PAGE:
CalPERS: Brown’s Pension Plan Would Not Aid Budget, Workers
Gov. Jerry Brown's (D) pension reform plan would not help new workers or significantly reduce state spending, according to a report by CalPERS, the Los Angeles Times' "PolitiCal" reports (Mishak, "PolitiCal," Los Angeles Times, 2/15).
Earlier this month, Brown released a detailed pension reform plan that would end traditional pensions for state and local government workers hired after June 2013. The plan includes statutory language on health benefits available to retired state workers.
The proposal would implement "hybrid" plans that combine typical payouts with a 401(k)-style component for workers hired July 1, 2013, or later.
The plan also calls for:
- Basing pension benefits on a 36-month average of a worker's wages;
- Adding an independent health benefit expert and a representative from a contracting agency to the CalPERS board -- both appointed by Brown; and
- Requiring 25 years of service for new hires to receive 100% of the state's retiree health benefits.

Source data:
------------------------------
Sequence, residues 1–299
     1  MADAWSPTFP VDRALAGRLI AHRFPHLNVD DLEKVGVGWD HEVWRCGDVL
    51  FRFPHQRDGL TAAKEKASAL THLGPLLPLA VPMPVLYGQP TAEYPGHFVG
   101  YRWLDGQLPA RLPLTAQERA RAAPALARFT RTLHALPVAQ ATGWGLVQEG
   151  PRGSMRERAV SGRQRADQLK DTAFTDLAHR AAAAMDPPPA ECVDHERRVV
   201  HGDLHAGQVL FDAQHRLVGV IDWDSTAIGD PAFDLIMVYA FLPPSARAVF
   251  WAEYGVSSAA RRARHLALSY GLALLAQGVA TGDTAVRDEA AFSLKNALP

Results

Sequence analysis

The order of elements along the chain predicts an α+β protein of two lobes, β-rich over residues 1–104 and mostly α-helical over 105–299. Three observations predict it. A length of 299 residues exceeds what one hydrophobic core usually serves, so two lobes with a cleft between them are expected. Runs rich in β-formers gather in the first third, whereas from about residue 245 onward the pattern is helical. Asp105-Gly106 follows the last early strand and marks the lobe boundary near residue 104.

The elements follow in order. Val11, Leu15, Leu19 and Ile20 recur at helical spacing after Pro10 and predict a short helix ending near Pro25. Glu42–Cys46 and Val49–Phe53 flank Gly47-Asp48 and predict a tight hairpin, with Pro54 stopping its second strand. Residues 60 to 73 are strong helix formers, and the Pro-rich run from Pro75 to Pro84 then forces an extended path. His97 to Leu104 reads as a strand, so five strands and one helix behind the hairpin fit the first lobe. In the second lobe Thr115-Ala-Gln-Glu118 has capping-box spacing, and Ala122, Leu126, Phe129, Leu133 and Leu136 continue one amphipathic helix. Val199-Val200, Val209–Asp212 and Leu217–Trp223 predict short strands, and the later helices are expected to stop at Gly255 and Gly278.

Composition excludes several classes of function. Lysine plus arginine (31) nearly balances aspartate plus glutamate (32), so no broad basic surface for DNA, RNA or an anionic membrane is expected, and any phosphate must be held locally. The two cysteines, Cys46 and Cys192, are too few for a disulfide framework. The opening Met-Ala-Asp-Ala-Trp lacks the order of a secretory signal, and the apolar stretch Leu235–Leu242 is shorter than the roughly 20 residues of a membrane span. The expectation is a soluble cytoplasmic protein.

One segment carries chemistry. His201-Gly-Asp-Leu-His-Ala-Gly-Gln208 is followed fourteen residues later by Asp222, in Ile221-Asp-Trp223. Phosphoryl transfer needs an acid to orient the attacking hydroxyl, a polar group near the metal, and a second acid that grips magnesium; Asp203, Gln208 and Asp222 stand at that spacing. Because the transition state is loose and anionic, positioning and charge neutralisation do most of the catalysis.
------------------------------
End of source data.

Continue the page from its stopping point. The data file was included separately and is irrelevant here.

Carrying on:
Two-thirds of the Legislature would need to approve the plan for inclusion on the Nov. 6 ballot because it amends the state constitution.
If voters approve the plan, pension changes would take effect Jan. 1, 2013 (California Healthline, 2/6).
The CalPERS report was requested by the state Legislature ("PolitiCal," Los Angeles Times, 2/15).
CalPERS found that the plan would reduce benefits for new workers and transfer risk from employers to workers.
The report also found that the proposal could cost some employers more than what they now pay for defined benefit plans.
CalPERS did not consider the administrative costs of managing a hybrid plan or closing existing defined benefits (Ortiz, "The State Worker," Sacramento Bee, 2/15).
A Stockton Record editorial states that "it's up to Brown" to overhaul pensions in the state becauseÂ pension reform activists "suspended their efforts to put their proposal on the November ballot, citing a lack of the millions needed to push the effort."
However, it notes, Brown's proposal "lacks considerable detail, for example how a hybrid pension system" for workers would function (Stockton Record, 2/16).This is part of the California Healthline Daily Edition, a summary of health policy coverage from major news organizations. Sign up for an email subscription.